Comment Period Closed for Section 111 Civil Money Penalties Proposed Rule

CMS, Mandatory Insurer Reporting, MSP News on April 22, 2020
Posted by Jean S. Goldstein, JD, CMSP

On Monday, the comment period for the Centers for Medicare & Medicaid’s (CMS) Section 111 Civil Money Penalties (CMPs) proposed rule closed.  Entities that are responsible for complying with Section 111 reporting, and subsequently which may be subject to CMPs are referred to as Responsible Reporting Entities (RREs).  These entities must provide specific data on claims that involve Medicare beneficiaries. The proposed rule, consisting of 44 pages, was released in February, highlights of which can be found here

Contained within the proposed rule were three general circumstances for when the imposition of CMPs would occur. These include: 

  • Failure of an RRE to report a claim involving a Medicare beneficiary;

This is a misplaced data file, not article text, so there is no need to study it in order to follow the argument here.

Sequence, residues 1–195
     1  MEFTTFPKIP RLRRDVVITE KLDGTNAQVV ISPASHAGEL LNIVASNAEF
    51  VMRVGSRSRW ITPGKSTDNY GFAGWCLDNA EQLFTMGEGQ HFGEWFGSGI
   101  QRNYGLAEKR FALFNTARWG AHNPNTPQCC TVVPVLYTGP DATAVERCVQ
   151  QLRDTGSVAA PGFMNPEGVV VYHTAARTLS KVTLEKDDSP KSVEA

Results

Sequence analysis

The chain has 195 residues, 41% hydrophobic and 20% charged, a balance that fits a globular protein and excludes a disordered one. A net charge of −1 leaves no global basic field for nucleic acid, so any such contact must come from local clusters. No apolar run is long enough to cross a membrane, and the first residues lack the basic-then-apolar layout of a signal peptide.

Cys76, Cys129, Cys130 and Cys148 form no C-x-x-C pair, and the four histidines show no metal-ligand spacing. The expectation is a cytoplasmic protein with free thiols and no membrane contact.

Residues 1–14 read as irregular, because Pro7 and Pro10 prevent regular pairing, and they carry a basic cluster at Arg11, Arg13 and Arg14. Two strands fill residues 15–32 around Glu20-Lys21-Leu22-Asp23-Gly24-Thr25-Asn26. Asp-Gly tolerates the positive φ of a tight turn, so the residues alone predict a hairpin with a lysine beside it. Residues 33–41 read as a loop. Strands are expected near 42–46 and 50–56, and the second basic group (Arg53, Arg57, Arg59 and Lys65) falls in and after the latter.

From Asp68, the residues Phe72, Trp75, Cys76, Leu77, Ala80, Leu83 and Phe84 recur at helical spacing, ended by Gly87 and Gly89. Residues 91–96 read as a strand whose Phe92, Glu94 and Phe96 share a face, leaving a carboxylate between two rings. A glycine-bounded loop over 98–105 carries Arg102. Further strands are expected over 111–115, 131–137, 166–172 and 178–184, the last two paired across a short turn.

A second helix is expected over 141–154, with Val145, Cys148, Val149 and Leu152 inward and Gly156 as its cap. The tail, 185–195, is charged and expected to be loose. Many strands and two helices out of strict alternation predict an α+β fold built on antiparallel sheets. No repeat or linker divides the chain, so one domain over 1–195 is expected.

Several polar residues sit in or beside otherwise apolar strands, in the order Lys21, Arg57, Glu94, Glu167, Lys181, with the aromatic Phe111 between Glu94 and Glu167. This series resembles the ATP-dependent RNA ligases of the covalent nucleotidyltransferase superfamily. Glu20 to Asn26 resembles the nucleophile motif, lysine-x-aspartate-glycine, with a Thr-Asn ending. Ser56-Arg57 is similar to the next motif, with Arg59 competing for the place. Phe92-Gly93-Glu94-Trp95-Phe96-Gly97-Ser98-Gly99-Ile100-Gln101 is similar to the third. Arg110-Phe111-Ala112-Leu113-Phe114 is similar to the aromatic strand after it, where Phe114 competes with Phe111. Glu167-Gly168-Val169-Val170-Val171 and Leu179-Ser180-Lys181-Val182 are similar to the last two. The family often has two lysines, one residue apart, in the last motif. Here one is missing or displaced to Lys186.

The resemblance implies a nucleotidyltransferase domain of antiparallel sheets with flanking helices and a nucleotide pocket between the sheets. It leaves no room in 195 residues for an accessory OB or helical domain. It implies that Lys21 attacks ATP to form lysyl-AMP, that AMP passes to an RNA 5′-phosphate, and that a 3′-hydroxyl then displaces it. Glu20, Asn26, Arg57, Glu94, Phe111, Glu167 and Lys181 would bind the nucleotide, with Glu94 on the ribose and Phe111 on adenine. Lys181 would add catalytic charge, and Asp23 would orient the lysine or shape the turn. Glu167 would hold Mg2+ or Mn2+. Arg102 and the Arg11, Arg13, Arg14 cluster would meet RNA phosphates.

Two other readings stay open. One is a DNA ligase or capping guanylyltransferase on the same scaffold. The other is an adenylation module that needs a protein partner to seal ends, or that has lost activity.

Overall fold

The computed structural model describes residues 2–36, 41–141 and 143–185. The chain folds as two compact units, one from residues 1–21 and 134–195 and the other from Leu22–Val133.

• Reporting data which consists of errors that exceed specific “error tolerance thresholds” as established by CMS; or
  • When reported information contradicts conditional payment recovery efforts. 

CMPs would be calculated daily and would be up to $1,000 for each calendar day of noncompliance for each individual, with up to a maximum penalty of $365,000 per individual per year.  These amounts will be adjusted annually.

Of significance, the proposed rule is noted to be prospective, which means civil money penalties will be imposed upon files submitted on or after the effective date of the rule.  However, the proposed rule is generally very broad in nature, with various parts of the rule subject to various interpretations.  Since the comment period has closed, the next step in this process is the final rule stage.  During the final rule stage, CMS will review the comments and conduct a comment analysis.  If CMS finds that significant changes to the proposed rule should be made, we could see a second public comment opportunity.   Final rules are published in the Federal Register, and will subsequently be placed in the Code of Federal Regulations.  It remains to be seen just how long this process may take; however, we will be sure to update our readers on any further movement into the next stage of this process.